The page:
Plaintiff left the meeting and, after attempting to meet with another Assistant Superintendent, proceeded to the school where she was to teach her next class. She ended up speaking with the principal in his office. While there, police arrived and said someone at the District's office called and reported that Plaintiff had said she wanted to kill herself. Police apparently threatened to handcuff Plaintiff if she did not agree to go to the hospital, while Plaintiff insisted she did not need to go and instead wanted to talk to her husband. Plaintiff testified that when she called her husband, police grabbed her phone and spoke with Plaintiff's husband, then would not let Plaintiff speak with him. According to the police report, eight officers and an ambulance responded to the call, and Kolahifar told police that Plaintiff had become "emotionally upset and stated `when I kill myself it will be your fault!' . . . [and had] made several remarks about harming herself”. EMT workers stated that Plaintiff's "abnormal blood sugar level. . . and blood pressure medication . . . was a possible cause of [Plaintiff s] behavior." Plaintiff proceeded to the hospital voluntarily in an ambulance and was released soon thereafter.
There is a footnote which reads “The incident was the subject of a local internet blog post, as well as a state court proceeding for defamation in which summary judgement in favor of Kolahifar and the District was recently denied, see Altman v. New Rochelle Pub. Sch. Distr. No. 51159/2013, Slip Op. at 3 (Sup. Ct. Westchester Cnty. Mar. 25, 2014. The state court action is distinct from the instant discrimination action.
This is the first we became aware of the defamation lawsuit or that one of our articles was an exhibit in the case.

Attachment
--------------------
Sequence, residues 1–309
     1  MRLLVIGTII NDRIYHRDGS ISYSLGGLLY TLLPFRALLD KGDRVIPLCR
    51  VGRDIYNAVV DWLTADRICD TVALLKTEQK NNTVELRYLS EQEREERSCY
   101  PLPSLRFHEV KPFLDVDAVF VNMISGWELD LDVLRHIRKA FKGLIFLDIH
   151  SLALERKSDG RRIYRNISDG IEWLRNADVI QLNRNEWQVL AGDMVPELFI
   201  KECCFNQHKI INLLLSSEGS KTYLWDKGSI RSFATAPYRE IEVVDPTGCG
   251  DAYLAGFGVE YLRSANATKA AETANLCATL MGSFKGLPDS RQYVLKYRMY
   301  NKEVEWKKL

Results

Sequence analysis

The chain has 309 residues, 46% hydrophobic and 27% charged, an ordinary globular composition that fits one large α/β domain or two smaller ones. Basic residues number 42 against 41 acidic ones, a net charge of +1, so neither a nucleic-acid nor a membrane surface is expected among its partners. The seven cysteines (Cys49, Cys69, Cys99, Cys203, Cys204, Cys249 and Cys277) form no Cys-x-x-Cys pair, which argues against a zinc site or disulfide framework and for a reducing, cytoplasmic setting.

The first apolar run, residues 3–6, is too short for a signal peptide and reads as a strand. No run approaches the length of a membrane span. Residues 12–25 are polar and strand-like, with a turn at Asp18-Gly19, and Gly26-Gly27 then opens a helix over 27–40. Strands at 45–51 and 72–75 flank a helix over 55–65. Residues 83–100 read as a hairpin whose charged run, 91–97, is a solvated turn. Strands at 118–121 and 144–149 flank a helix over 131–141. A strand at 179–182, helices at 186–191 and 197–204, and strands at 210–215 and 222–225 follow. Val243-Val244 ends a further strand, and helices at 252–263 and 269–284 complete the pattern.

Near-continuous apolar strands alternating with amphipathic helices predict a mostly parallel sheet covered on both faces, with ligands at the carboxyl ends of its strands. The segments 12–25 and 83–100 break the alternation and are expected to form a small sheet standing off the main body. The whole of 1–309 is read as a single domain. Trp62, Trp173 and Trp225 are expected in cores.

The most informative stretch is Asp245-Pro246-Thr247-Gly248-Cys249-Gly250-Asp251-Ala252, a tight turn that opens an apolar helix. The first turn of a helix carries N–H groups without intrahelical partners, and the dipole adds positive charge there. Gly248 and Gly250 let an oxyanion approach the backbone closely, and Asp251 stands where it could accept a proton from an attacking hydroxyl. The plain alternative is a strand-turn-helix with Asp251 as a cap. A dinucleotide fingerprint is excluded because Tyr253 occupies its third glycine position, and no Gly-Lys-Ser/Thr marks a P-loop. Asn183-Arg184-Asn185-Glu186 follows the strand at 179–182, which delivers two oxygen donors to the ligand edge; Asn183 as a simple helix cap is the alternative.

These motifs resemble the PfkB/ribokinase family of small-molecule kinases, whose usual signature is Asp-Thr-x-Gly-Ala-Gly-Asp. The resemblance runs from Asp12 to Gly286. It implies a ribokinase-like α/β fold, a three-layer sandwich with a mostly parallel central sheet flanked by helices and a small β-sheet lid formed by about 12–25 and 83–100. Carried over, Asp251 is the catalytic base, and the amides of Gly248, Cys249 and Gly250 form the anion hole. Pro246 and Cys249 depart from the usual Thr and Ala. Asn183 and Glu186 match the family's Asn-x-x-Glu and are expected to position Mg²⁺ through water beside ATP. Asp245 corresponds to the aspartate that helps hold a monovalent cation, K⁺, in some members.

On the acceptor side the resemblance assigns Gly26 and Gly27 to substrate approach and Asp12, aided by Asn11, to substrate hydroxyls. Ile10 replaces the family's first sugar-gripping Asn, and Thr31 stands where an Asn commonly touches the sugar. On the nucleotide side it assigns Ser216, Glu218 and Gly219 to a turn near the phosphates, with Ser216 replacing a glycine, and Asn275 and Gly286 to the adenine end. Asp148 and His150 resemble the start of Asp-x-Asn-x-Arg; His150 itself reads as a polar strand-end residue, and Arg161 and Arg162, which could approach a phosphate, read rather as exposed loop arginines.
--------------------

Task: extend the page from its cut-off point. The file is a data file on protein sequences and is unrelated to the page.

October 14, 2015, the New York State Supreme Court found for the City School District of New Rochelle, Richard Organisciak and Reza Kolahifar and against Hui Altman, the defamation case was dismissed.
The federal case also revealed that Altman had lied on her job application — yet another example of a failure of the New Rochelle Board of Education to do proper background checks (see our reporting on Freddie Dean Smith).
On April 16, 2012, Plaintiff arranged to meet Kolahifar at a school to retrieve her belongings. Kolahifar handed Plaintiff another letter from Organisciak informing her that her effective date of termination would be June 1, 2012, instead of June 30, 2012, as previously stated in the March 29, 2012, letter. This change was purportedly due to "information about [Plaintiff's] termination from the Croton-Harmon School District," a job which Plaintiff did not include on her resume or job application. On April 17, 2012, Organisciak reported Plaintiff's failure to include the Croton-Harmon job on her application and resume to the State Education Department Teacher Discipline Unit, raising a question as to Plaintiff's moral character. Defendants proffer minutes of a Croton-Harmon School District board meeting held February 22, 2010, wherein the board voted to terminate Plaintiff's employment as a Mandarin teacher effective immediately.
Our past articles are here: